The University of Chicago is taking matters into its own hands when it comes to making sure students graduate debt free.
The institution is creating “UChicago Promise program,” a initiative designed to assist students who attend high school in the city. Students will not only have all fees related to admissions waived, but will also not have any loans in their financial aid packages. These students will have packages that consist of grants and other aid that does not need to be paid back.
The program will begin with the 2013 incoming freshman class.
The move is a positive sign to readdress the dire situation in Chicago and encourage more students to attend college. The Chicago Sun-Times is reporting that the death toll in Chicago is currently 436 and has already surpassed last year’s tally. Higher education proponents believe that making education more affordable will deter young people from crime.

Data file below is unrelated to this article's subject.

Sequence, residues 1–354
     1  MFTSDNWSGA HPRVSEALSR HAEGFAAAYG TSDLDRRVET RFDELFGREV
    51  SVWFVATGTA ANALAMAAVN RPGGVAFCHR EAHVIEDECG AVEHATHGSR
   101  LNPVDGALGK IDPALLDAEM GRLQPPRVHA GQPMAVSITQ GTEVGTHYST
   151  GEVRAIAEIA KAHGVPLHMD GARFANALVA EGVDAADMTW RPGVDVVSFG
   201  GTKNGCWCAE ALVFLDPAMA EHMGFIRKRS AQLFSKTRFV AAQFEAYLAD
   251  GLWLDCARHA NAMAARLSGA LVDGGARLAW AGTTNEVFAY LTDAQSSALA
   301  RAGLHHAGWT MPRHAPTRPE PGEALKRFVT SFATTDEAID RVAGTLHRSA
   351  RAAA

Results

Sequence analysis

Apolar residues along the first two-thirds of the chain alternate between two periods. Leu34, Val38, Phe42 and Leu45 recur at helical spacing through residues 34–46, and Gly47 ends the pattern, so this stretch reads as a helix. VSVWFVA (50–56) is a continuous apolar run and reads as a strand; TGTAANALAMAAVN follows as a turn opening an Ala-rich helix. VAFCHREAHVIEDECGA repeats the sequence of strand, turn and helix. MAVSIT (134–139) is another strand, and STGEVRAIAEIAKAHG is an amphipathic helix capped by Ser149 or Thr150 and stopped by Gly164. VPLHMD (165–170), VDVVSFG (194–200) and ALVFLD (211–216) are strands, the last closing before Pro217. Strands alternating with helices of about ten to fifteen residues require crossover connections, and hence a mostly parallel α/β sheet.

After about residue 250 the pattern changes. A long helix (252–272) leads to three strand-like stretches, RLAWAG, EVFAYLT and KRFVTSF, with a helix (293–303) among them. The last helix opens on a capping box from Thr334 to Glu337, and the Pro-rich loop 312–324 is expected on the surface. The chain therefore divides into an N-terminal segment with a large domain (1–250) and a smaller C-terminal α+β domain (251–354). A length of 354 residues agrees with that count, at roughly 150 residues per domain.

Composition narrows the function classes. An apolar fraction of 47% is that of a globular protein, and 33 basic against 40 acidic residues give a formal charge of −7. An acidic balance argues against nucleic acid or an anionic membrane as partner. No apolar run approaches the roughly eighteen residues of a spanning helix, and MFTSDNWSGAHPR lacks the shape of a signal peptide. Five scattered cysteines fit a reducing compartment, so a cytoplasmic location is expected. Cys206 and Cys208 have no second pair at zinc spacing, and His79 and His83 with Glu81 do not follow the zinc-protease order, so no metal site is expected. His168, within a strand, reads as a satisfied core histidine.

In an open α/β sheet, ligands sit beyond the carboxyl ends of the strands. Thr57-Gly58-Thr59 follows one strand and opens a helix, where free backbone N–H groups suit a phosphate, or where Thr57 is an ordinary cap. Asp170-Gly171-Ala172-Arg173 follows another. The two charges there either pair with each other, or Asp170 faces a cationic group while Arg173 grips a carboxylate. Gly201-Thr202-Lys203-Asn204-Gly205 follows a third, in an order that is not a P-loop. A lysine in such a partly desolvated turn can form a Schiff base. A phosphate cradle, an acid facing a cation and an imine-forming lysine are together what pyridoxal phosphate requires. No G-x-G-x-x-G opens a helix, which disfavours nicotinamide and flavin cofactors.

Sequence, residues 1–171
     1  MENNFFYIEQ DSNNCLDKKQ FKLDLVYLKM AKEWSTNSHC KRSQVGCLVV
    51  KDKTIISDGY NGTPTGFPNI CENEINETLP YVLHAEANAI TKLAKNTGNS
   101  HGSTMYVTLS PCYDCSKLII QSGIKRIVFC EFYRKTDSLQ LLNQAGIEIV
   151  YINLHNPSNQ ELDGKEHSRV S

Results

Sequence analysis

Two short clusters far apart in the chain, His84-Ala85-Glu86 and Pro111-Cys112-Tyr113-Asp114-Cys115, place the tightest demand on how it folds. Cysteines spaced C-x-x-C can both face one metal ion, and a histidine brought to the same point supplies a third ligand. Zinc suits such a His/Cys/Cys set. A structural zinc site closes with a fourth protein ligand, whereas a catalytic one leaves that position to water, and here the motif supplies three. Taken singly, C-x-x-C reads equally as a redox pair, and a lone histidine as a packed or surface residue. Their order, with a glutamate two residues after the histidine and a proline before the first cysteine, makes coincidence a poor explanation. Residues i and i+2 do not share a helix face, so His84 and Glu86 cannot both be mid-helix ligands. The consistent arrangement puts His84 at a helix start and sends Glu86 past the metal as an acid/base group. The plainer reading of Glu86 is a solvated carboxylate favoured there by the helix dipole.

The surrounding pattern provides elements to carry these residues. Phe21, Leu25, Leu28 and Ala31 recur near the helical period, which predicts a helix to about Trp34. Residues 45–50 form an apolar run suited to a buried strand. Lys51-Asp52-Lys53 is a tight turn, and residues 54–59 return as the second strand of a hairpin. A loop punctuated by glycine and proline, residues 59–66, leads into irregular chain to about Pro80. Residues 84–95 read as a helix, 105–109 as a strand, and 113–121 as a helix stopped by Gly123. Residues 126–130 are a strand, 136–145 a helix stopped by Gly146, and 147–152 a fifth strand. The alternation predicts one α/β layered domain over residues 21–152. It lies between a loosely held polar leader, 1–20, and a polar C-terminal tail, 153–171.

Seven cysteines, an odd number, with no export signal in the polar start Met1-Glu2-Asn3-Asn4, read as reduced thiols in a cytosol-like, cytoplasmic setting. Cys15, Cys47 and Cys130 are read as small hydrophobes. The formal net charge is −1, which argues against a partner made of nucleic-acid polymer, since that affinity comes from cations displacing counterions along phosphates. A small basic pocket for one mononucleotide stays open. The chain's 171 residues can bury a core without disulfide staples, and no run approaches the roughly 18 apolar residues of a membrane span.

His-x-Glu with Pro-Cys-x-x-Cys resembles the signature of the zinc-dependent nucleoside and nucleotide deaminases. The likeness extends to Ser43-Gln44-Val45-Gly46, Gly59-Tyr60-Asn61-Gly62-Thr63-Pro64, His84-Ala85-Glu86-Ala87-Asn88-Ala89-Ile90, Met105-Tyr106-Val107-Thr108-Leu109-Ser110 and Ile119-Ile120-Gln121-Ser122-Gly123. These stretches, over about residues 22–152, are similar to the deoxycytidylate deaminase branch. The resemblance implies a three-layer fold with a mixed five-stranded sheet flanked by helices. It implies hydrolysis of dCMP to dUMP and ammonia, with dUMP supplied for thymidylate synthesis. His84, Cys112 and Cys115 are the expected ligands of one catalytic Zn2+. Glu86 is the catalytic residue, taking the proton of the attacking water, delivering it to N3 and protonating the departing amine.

The program will also include a mentorship aspect to encourage students to remain in school.
“While the average debt for students at the University has been shrinking in recent years through programs such as the Odyssey Scholarship, UChicago Promise represents an important new step in driving down debt for our students from Chicago,” said University of Chicago President Robert J. Zimmer in a press release announcing the program.
The University of Chicago is perhaps the premier institution in the city — and also one of the priciest. One year at the institution costs $61,390. Tuition is $43,581 in tuition and fees; $13,137 for room and board; $3,679 for books and supplies and $993 for student life fees.
For more information on the program, head over to The University of Chicago.